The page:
Subject: Re: PKGREVISION
To: NetBSD Packages Technical Discussion List <tech-pkg@NetBSD.org>
From: Greg A. Woods <firstname.lastname@example.org>
Date: 10/28/2005 20:02:04
At Fri, 28 Oct 2005 15:00:52 -0400 (Eastern Daylight Time),
Todd Vierling wrote:
> On Fri, 28 Oct 2005, Greg A. Woods wrote:
> > That should be a very strong hint to everyone that there's something
> > fundamentally wrong with the idea of forcing all the users of a shared
> > Makefile.common to have their own unique PKGREVISION setting.
> No, that is by design.
What I meant to say more clearly is that the design is broken, or at
least flawed in some way. :-)
The fact that tools are needed to deal with such a very simple concept
is yet another very strong hint that the design is even more flawed.
> Actually, a very common bump of packages of this type comes from dependency
> ABI changes, which usually affects only one of the Makefile.common-using
> packages, not all of them. Last I checked, when I swept out the
> common-based PKGREVISION, at least three fourths of the PKGREVISIONs were
> divergent among such packages.
I don't dispute your numbers -- I'm just observing that there's
obviously some kind of fundamental problem with this rule when it keeps
getting re-broken, and even more of a problem when tools are needed to
manage the result.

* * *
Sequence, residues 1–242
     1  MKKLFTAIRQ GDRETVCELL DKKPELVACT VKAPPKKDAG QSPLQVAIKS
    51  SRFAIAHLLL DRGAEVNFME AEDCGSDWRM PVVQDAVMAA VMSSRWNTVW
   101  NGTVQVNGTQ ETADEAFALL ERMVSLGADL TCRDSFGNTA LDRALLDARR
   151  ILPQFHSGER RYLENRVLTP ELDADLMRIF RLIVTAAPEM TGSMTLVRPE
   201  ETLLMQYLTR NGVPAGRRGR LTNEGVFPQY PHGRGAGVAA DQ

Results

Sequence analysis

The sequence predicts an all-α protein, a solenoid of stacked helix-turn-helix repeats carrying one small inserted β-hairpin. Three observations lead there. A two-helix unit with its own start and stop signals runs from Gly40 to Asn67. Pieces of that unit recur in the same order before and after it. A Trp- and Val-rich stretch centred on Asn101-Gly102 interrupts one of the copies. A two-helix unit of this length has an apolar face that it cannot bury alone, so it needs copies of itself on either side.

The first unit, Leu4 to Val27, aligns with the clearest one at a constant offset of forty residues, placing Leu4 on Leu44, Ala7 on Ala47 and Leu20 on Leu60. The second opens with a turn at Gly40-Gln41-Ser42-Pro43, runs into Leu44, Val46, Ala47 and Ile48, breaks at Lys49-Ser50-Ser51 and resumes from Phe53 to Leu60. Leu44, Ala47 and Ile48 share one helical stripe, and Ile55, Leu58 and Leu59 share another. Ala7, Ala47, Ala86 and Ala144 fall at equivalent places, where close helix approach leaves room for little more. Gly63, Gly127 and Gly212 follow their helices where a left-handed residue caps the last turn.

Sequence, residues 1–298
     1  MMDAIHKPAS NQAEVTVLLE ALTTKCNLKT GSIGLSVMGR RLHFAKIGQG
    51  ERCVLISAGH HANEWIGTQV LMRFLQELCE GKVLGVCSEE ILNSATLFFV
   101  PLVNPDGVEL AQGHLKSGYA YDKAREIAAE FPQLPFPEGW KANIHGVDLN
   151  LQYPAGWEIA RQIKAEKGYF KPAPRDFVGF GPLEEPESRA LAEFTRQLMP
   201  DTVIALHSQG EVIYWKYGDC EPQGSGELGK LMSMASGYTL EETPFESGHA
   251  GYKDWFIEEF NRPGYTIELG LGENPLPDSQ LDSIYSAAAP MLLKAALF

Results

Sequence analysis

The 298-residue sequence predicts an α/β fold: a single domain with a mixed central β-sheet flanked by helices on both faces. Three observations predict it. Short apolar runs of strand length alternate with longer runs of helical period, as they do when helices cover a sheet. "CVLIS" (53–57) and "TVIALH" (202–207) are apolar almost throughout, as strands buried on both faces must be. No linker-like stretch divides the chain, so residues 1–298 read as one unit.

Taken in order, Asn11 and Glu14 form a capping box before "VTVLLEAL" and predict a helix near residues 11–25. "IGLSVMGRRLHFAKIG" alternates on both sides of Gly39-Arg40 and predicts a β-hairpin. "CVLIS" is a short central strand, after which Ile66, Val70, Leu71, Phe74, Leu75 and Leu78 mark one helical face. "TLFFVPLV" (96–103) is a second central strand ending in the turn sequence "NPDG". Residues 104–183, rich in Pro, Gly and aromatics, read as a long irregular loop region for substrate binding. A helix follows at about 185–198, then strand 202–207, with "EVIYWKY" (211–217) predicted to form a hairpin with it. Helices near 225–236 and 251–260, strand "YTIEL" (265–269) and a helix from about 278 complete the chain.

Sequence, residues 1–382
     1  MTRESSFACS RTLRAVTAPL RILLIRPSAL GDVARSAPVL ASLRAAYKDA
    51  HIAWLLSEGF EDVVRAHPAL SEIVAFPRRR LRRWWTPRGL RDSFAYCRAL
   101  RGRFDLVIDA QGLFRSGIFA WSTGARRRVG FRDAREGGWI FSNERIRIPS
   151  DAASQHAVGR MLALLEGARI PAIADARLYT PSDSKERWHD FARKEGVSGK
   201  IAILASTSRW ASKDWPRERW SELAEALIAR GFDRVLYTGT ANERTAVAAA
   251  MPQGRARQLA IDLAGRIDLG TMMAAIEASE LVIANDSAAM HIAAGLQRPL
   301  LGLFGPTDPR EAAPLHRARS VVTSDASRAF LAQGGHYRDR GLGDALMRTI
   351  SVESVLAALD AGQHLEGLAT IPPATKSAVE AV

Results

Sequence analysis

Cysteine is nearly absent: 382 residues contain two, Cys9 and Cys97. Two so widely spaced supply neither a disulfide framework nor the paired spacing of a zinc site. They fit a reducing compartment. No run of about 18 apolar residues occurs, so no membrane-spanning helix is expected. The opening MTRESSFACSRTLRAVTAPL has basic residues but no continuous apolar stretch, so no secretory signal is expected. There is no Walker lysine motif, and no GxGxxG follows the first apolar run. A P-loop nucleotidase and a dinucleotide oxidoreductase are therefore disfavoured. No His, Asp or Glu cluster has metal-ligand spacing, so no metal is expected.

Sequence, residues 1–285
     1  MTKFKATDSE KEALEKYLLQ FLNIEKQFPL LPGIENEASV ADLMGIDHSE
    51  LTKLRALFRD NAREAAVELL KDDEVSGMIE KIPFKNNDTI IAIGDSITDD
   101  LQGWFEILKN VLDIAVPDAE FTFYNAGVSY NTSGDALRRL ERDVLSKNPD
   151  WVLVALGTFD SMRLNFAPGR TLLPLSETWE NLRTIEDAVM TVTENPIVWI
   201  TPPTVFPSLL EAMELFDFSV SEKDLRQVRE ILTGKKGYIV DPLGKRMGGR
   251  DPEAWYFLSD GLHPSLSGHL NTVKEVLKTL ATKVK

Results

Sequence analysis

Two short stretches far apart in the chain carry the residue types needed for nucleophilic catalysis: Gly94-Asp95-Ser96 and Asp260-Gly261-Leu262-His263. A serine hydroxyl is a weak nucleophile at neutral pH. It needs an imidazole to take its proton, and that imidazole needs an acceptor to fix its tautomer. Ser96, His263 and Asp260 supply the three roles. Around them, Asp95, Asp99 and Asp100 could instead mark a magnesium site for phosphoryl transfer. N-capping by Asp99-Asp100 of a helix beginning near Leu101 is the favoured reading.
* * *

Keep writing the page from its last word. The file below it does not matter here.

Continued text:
It would still be interesting to know for certain why they all diverge
and whether or not they all should have diverged, though that may be a
fairly detailed study to take on.
At the same time I don't really know though what the answer is to the
problem I'm trying to point out.
I would have thought it should be quite obvious to even a naive
developer that putting a PKGREVISION setting in a file named
Makefile.common would mean that it would likely affect several packages,
and perhaps it is and perhaps that's the problem.
I'm guessing this only ever causes a problem when the Makefile.common is
bumped, for good cause, and then some other package that uses it also
has to be bumped though there's no need to bump all its sibling packages
at the same time.
So, how common is the case where the common-based sibling packages all
bump their PKGREVISIONS at the same time? I.e. is there any
justification for having both a way to bump the group as well as a way
to bump the members individually?
Could such a mechanism be sanely based on a simplistic "increment"
mechanism as others have suggested? Does that actually quantifiably
complicate things more than just having two separate variables? Are
both of these ideas quantifiably more or less burdensome than using the
external tools you've mentioned to make common changes in such packages?
Maybe "make" needs a simple integer increment operator! :-)
Greg A. Woods
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